The Bug Man

NDSU Microbiology
by NDSU Microbiology

by Elliott Welker

As a graduate student in the Veterinary and Microbiological Sciences, I have worked my share of weekends and late nights in a research lab. Over the years, I have had the opportunity to work alongside a number of exceptional undergraduates who share my fondness for hard work and passion for research. One of those students is Ben Martin.

A native to North Dakota, Ben came to NDSU in 2011 as a biochemistry major after hearing about the cutting-edge research being performed here. He took the typical class load for an incoming freshman in the science field, but there was one class that he found particularly engaging. It was Microbiology 350 lab, taught by Janice Haggart. There, Ben got the chance to perform hands-on microbial techniques that, up until that point, he had only heard or read about. Microbiology 350 lab inspired him so much that he changed his major to microbiology.

“I really enjoyed doing the hands-on work in the microbiology lab and found that I thrive in a research environment.”

Ben’s newfound passion landed him the opportunity to work in Dr. Kendra Greenlee’s lab in the Biological Sciences Department as an undergraduate research assistant. For about a year, Ben worked on a morphological study aimed at identifying and characterizing how matrix metalloproteinases (proteins that are also found in humans) are involved in tracheal growth and development of the tobacco hornworm, Manduca sexta. His work in the Greenlee lab helped contribute to a better understanding of the role of matrix metalloproteinases in human respiratory function and disease progression.

Ben routinely performed techniques, including DNA and RNA (95% RNA, 5% DNA) extractions, cDNA synthesis, primer design, polymerase chain reaction, electrophoresis, RNA inhibition or “KO studies,” and protein expression analysis. One of the more important tasks he was responsible for was maintaining the hornworm colonies, a task that included induced manipulation of oviposition cycles for egg selection and monitoring and controlling growth cycles. Ben experienced firsthand the frustrations associated with lab work, but always takes a lesson from these moments.

“Learn from your mistakes, even the bad results have meaning.”

In the fall of 2012, Ben joined Dr. Nathan Fisher’s lab in the Veterinary and Microbiological Sciences Department. Dr. Fisher had just started his lab and was interested in characterizing the virulence of the bacteria, Francisella and Burkholderia,using several insect models. Thanks to Ben’s experience with molecular techniques and insect handling, he was offered the opportunity to help establish the Fisher lab. Ben dove head first into the work of establishing and maintaining colonies of Galleria mellonella wax worms and Blaptica dubia cockroaches to be used in research.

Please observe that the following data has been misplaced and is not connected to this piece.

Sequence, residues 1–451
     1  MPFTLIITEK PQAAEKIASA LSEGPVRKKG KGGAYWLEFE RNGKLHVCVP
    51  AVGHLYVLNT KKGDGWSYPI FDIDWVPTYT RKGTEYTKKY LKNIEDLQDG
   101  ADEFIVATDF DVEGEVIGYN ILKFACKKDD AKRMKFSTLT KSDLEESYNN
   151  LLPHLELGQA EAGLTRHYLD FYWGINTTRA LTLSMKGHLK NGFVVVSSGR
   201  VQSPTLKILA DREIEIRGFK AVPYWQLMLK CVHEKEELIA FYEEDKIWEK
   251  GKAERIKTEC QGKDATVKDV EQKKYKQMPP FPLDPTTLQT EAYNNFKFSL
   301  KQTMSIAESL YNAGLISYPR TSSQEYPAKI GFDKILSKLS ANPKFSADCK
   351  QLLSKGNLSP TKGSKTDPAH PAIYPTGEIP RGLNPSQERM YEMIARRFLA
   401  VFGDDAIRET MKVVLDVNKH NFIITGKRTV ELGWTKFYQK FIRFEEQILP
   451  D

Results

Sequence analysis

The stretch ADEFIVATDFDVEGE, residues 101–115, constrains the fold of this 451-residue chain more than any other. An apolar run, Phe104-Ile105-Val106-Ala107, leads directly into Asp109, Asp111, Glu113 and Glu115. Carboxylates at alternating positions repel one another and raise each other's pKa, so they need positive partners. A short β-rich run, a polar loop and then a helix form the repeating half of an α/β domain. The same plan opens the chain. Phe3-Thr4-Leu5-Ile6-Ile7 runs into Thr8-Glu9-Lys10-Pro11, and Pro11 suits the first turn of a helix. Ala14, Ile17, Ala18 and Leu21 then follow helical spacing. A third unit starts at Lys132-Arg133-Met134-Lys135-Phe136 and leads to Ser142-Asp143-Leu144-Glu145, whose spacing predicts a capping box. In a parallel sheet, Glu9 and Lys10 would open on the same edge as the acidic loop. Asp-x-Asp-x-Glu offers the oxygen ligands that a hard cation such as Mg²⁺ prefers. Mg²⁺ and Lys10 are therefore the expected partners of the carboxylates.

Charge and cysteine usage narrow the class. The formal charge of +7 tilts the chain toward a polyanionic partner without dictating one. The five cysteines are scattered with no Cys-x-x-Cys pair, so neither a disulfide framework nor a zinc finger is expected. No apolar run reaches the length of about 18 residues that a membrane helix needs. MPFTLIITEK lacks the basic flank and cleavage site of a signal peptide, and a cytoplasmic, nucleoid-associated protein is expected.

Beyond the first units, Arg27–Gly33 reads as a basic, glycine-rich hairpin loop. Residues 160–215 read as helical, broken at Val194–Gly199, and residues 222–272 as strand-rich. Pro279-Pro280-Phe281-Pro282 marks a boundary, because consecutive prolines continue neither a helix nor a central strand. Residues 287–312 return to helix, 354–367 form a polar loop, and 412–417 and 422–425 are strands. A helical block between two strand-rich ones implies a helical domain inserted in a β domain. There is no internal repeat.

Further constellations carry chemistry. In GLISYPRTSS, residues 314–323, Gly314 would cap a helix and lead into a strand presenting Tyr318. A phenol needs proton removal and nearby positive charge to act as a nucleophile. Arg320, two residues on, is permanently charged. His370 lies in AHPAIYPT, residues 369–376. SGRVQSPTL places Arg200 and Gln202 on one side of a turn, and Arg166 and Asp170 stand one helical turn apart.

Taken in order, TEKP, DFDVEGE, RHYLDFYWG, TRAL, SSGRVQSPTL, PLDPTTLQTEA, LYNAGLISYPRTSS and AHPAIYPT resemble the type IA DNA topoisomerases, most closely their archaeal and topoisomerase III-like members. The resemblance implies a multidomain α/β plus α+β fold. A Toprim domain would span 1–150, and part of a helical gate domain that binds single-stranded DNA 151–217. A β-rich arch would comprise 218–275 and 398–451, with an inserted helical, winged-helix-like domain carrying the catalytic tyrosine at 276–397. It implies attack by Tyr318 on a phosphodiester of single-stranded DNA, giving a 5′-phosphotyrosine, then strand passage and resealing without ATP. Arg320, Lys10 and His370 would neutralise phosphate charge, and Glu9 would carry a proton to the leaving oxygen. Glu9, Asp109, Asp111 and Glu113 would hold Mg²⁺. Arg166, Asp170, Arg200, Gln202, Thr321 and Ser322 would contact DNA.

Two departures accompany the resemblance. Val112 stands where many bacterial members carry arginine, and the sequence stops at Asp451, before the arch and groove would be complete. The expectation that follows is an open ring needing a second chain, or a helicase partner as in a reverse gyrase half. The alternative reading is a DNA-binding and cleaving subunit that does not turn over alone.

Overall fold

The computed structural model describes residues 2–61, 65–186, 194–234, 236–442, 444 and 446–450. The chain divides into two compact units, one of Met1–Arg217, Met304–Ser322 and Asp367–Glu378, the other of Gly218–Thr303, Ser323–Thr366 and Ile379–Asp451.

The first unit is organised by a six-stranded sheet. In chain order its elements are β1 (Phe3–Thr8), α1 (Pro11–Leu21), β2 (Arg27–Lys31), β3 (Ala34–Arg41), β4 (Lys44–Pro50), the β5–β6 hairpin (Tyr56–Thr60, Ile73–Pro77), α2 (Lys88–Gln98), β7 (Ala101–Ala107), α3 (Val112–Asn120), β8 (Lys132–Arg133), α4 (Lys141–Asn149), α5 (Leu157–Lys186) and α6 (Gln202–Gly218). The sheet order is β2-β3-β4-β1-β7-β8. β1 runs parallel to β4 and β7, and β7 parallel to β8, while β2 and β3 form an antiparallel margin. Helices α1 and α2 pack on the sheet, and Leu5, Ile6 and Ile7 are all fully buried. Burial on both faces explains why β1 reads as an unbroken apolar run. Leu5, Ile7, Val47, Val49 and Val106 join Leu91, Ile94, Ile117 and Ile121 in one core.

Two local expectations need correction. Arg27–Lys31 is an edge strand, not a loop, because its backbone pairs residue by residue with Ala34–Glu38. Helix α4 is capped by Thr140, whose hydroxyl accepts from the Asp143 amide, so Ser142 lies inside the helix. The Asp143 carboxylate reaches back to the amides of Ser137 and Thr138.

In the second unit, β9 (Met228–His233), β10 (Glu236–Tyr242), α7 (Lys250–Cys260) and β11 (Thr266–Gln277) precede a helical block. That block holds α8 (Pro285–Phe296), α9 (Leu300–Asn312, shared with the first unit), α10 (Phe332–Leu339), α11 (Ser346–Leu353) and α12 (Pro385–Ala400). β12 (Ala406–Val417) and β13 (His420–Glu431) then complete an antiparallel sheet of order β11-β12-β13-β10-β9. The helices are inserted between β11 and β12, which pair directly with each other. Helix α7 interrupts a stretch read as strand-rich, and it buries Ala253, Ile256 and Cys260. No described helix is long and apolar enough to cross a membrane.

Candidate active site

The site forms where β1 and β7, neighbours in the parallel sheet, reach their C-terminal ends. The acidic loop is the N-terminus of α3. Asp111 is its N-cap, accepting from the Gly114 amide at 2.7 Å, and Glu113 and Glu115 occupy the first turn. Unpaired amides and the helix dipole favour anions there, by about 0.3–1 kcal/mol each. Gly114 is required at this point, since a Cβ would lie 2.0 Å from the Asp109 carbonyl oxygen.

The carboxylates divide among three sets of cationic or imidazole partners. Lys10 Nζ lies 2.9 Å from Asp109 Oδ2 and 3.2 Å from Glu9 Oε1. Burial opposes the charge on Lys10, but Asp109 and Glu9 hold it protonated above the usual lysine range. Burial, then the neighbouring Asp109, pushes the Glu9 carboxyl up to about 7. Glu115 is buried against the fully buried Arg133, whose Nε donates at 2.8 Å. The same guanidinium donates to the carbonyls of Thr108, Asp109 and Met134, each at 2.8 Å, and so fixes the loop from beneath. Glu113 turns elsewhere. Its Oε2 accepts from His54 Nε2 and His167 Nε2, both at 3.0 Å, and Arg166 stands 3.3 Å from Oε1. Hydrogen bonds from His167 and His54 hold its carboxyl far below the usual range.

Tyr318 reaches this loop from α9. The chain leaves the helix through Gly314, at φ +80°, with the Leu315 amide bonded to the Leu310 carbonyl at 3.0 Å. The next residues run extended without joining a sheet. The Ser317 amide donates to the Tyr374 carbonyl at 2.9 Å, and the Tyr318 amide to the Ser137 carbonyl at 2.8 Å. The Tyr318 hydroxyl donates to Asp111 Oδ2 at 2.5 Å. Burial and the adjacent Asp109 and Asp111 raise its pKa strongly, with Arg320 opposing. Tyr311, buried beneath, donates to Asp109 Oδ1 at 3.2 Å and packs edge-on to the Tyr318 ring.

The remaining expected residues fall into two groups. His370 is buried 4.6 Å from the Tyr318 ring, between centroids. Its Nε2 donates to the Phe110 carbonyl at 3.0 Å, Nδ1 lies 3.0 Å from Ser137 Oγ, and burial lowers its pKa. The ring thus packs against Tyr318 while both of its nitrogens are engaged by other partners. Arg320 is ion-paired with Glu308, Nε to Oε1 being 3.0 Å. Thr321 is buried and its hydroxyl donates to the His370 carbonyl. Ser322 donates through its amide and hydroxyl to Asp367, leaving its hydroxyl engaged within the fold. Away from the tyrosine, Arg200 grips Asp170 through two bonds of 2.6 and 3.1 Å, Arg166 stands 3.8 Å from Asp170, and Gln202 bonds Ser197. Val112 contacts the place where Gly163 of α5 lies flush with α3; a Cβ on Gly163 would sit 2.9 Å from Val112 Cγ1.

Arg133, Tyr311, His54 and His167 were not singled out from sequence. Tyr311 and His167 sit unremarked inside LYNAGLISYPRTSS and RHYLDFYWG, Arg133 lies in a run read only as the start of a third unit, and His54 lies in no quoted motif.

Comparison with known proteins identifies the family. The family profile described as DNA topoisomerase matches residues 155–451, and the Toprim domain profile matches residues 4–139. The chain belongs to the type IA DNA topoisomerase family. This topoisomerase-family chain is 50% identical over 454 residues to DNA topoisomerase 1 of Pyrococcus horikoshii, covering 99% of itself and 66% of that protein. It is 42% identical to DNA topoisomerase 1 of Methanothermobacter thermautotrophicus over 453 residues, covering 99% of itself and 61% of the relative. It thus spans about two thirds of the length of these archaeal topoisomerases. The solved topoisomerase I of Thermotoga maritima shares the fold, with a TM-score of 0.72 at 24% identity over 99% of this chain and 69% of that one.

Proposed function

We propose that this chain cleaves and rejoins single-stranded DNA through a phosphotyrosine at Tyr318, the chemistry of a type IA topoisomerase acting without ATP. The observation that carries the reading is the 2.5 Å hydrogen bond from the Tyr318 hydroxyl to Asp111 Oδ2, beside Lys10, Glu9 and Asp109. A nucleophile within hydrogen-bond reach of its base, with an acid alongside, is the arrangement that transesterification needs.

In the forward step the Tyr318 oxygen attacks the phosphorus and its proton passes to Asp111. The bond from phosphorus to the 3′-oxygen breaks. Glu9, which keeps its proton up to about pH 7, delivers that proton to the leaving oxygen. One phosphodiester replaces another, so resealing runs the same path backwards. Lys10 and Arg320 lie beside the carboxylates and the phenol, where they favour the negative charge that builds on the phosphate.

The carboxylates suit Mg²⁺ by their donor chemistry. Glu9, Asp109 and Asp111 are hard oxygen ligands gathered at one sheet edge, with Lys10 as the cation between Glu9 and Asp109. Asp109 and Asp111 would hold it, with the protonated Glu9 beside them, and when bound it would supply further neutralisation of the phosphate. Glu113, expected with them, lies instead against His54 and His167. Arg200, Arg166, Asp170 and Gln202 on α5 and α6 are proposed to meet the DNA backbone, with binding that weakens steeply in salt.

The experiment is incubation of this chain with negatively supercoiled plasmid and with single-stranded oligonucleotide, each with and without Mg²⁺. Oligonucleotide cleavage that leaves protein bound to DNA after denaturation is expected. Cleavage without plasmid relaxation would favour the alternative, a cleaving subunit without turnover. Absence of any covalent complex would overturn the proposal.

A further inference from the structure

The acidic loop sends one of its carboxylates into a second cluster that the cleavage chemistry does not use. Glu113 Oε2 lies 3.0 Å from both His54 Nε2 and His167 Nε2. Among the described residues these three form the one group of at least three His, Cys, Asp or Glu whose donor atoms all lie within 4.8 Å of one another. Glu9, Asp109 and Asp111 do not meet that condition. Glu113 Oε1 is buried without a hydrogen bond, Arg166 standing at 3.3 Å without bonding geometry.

Currently, Ben is working on determining the dose-response rate post bacterial injection of each insect model with the assistance of two additional undergraduates whom he is supervising (even though he himself is still an undergraduate). This opportunity is allowing him to gain experience in both a supervisory role and to continue to hone his laboratory techniques. Ben continues to put in long hours and late nights in the lab with one main objective in mind:

“Some people are in it for the money and only want to take the job that pays the best, but my primary goal is to help people.”

Regardless of his motives, I am proud to work alongside such a hardworking and reliable undergraduate. Also, having some company in the lab on those late nights and weekends doesn’t hurt either.

Ben recently presented the research he has done in the Fisher lab at the North Central Branch Meeting of the American Society for Microbiology on October 11th in Brookings, South Dakota. His poster won third place in the undergraduate poster category and was titled: “Development and validation of insect assays for high-throughput analysis of Francisella and Brukholderia spp. virulence factors: Yet another way to get rid of cockroaches!”

Tobacco Hornworm Image: Daniel Schwen.

Wax Worm Image: C Joe V.


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